The Body of Christ is alive fully, including both those on the Earth and those in Heaven. And what the Body is able to do here on Earth – why would they not be able to do in Heaven? Do our loved ones stop loving us once there? Are they not even closer to God and Jesus there, and able to see with glorified minds and heavenly understanding? And this being so, should not their prayers be even more intelligently made and more intensely listened to than even ours here on Earth, with our limited knowledge and understanding of God’s ways?

So in a nutshell, this is all that is being said in the Hail Mary: “Hello, Mary. You are very special, and God sees you with much grace and favor! Thank you for willingly bearing Jesus for us – this is a blessing that all men and women honor you for accepting. Mary, you who were pure in life, and who bore the Son of God in your womb, I know that you still have a very close relationship with your son Jesus in Heaven. So, I’m asking now that you would speak to Him on my behalf, just as I ask my friends here on Earth to do. And please ask Him to be with me especially in that rather scary time when I am about to die.”

*from https://www.ewtn.com/Devotionals/mercy/dmmap.htm

Carol Jennings

4 thoughts on “You are saying we should pray the Divine Mercy Prayer – but this is vain repetition and I am NOT praying to Mary!

  1. Cindy

    Thank you for the explanation of the Divine Mercy Prayer. It is so clear and acceptable. I am not catholic and never really understood praying this. New perspective gained today.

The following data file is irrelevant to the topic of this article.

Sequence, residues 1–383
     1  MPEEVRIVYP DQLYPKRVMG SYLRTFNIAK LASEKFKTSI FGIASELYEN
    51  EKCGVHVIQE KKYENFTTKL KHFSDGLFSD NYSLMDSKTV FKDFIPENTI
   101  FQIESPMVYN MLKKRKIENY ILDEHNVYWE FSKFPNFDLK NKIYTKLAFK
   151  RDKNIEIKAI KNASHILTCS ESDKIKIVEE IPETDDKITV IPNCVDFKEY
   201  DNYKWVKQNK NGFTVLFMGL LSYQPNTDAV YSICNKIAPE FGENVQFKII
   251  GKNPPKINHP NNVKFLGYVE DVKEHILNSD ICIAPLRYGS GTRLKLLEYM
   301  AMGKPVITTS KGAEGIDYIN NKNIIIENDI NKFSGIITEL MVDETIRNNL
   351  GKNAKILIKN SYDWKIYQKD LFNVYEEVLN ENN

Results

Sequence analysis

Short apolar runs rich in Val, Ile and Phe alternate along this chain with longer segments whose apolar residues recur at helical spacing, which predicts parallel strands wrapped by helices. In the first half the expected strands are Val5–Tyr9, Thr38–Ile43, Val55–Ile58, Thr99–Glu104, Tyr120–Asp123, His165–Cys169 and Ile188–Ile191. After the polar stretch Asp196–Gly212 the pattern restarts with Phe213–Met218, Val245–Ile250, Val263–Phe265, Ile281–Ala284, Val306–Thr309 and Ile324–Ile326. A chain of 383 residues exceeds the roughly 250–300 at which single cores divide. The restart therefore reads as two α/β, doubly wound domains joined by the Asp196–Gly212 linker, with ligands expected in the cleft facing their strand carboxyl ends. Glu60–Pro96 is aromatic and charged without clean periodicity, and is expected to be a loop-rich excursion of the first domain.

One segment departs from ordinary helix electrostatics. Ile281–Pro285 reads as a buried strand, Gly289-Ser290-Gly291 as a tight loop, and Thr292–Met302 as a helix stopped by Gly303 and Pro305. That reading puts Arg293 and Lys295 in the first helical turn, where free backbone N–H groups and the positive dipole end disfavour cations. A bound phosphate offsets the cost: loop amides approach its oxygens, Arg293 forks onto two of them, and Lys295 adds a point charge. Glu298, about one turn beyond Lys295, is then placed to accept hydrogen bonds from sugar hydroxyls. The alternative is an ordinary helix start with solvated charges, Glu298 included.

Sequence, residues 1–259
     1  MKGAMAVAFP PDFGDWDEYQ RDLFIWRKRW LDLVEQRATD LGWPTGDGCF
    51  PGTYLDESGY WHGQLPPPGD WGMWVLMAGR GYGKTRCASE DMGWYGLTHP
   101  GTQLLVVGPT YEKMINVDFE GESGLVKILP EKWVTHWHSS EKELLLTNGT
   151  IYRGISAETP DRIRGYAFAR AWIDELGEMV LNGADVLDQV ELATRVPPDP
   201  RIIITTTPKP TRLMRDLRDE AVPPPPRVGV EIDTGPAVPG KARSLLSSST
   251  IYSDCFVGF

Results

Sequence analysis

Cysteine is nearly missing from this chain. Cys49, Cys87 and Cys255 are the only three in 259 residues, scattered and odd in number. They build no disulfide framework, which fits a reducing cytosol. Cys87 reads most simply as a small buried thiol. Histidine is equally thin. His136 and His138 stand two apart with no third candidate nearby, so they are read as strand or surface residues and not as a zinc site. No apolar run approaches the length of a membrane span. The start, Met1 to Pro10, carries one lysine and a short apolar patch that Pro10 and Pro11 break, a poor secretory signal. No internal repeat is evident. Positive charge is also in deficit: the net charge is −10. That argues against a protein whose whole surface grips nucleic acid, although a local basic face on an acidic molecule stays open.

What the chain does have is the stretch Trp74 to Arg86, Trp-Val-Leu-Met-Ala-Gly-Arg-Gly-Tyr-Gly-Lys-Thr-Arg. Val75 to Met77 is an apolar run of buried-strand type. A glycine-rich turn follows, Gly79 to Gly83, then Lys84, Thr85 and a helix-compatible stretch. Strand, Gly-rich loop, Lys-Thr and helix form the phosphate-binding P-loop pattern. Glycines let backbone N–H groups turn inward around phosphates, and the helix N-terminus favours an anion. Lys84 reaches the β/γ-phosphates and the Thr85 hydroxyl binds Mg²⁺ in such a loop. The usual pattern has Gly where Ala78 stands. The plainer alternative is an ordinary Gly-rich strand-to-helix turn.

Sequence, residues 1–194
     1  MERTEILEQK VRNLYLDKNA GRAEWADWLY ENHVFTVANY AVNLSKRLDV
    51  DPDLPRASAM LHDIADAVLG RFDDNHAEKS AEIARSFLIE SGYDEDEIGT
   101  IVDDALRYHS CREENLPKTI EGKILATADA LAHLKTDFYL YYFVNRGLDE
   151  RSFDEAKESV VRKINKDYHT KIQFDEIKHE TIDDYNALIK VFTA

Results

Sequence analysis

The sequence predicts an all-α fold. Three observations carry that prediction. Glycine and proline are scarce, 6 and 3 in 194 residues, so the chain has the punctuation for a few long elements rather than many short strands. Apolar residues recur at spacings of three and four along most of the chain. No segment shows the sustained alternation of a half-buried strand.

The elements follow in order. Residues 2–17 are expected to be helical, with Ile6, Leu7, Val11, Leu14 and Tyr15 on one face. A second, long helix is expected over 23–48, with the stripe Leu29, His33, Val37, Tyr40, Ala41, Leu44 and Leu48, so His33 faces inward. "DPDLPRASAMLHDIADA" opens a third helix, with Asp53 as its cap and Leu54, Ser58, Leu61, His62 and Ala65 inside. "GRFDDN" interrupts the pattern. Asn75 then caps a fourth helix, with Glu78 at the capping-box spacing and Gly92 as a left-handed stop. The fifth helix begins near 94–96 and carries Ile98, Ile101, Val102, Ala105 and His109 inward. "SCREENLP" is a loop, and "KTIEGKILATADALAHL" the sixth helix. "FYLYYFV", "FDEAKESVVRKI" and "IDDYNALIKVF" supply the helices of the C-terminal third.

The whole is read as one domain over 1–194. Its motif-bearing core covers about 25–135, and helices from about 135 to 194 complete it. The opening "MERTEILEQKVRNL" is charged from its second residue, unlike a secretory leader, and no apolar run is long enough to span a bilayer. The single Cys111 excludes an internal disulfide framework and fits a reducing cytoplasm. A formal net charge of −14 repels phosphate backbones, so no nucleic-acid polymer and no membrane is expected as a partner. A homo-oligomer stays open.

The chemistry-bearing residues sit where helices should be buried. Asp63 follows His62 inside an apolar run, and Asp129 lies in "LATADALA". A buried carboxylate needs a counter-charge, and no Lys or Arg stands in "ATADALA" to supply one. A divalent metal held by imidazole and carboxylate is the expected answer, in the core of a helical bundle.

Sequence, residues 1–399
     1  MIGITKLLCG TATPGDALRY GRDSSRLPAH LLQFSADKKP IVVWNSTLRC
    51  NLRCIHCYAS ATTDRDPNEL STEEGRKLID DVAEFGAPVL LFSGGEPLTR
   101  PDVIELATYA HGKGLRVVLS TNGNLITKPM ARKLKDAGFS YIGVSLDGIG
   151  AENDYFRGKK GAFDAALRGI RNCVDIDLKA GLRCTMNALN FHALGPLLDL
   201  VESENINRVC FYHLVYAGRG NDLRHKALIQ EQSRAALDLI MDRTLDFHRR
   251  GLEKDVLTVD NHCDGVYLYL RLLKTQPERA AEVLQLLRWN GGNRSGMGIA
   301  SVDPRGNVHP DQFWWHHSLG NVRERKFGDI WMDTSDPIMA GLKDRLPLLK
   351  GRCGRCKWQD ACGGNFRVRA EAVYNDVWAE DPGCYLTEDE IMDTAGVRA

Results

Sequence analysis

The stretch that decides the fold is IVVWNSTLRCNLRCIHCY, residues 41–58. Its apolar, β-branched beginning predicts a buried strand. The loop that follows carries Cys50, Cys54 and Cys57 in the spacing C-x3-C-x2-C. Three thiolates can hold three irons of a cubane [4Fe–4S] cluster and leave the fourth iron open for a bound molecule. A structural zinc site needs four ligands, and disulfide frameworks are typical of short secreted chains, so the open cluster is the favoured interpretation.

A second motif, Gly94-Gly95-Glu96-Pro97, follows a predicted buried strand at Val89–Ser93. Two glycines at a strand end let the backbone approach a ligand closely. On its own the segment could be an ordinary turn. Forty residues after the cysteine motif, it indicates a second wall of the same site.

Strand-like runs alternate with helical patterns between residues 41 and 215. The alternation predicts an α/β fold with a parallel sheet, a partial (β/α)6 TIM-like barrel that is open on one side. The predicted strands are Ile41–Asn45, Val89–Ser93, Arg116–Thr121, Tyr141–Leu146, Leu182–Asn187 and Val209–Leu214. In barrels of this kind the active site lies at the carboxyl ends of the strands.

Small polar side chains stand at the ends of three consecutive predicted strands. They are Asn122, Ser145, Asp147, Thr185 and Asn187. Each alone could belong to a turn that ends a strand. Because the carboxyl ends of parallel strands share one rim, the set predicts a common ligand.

Reply
  2. Rams Cethoute

    Hi, I was intrigued as to what was going to be said here and I must say, I am not convinced just yet. You are right about the fact that the “pray for us” part is what condemns it for us, because the Bible refers to Jesus our Lord as the one that intercedes for us, and I do understand it as saying the same as “Jesus please pray for us”.
    I won’t deny it, I’m very torn by this one. I really want to avoid leaning on my own understanding of course, so if you could add anything at all, it would be very much appreciated.

    Reply
    1. Carol Jennings Post author

      As I was thinking about your comment, it dawned on me: a LOT of the reason we find it difficult, too – is that we really DON’T think of those who have passed on as fully, absolutely ALIVE. Or that they “care” about us, or can even know what we are doing. Yet Paul teaches of the “cloud of witnesses.”
      Frankly, it’s much easier to accept for those of us who have pressed deeper and deeper with the Lord and the Gifts – those of us who see and hear Him, and have travelled to Heaven with Him. It’s all so much clearer then. We’ve SEEN what happens there. It’s…a blessing for those who take Him at His words and follow through on it.
      To get just a small taste of how alive those in Heaven are – read my testimony here of the daughter we have in Heaven. It’s called the Gift.

      Reply
  3. Denise Rose Stevens

    Thank you for clarifying this. I am a Catholic, saved, and a Heartdweller follower since 2017. This site is the ONLY one I feel can bring all who love Jesus into ONE, no matter what christian denomination we follow.

    Reply